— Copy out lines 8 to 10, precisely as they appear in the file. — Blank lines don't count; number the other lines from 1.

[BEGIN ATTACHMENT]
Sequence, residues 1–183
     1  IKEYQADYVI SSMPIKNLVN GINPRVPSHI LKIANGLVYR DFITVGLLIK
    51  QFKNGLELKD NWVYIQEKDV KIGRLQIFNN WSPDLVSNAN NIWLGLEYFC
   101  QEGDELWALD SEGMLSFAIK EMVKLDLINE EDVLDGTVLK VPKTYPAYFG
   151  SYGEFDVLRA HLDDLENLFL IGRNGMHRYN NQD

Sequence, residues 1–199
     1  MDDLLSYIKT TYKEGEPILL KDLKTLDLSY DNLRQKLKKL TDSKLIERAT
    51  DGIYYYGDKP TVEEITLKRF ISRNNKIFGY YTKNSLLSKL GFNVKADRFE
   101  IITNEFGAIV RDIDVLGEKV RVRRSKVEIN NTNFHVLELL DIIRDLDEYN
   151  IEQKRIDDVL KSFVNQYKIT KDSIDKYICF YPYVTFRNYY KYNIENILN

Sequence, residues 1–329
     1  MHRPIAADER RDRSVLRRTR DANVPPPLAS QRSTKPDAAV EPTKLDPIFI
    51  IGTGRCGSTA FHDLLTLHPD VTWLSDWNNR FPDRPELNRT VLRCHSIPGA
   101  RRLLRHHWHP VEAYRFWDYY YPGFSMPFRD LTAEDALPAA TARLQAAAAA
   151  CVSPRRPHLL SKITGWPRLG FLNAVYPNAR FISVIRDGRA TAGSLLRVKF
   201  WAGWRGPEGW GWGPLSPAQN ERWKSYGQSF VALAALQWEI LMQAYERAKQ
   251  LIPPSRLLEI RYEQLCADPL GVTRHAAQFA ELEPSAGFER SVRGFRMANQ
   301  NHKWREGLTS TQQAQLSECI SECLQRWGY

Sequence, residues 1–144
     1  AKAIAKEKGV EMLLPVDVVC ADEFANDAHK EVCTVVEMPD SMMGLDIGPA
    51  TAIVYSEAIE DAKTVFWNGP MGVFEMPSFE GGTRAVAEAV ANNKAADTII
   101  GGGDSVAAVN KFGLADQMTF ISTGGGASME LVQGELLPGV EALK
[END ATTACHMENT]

    51  DGIYYYGDKP TVEEITLKRF ISRNNKIFGY YTKNSLLSKL GFNVKADRFE
   101  IITNEFGAIV RDIDVLGEKV RVRRSKVEIN NTNFHVLELL DIIRDLDEYN
   151  IEQKRIDDVL KSFVNQYKIT KDSIDKYICF YPYVTFRNYY KYNIENILN